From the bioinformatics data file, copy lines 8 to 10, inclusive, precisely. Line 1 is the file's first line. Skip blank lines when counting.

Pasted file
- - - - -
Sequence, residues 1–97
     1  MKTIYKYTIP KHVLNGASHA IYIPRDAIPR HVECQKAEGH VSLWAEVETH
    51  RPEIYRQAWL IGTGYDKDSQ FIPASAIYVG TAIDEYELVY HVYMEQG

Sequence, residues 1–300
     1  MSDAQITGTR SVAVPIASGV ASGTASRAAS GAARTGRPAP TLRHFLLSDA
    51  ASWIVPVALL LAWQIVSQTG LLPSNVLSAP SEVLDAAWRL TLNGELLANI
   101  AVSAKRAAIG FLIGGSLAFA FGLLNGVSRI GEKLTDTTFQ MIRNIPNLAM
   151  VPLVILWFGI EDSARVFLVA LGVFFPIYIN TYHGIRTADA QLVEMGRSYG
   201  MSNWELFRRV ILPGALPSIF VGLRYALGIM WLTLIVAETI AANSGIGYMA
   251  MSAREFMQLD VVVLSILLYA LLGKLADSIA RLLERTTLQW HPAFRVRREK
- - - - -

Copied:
   151  VPLVILWFGI EDSARVFLVA LGVFFPIYIN TYHGIRTADA QLVEMGRSYG
   201  MSNWELFRRV ILPGALPSIF VGLRYALGIM WLTLIVAETI AANSGIGYMA
   251  MSAREFMQLD VVVLSILLYA LLGKLADSIA RLLERTTLQW HPAFRVRREK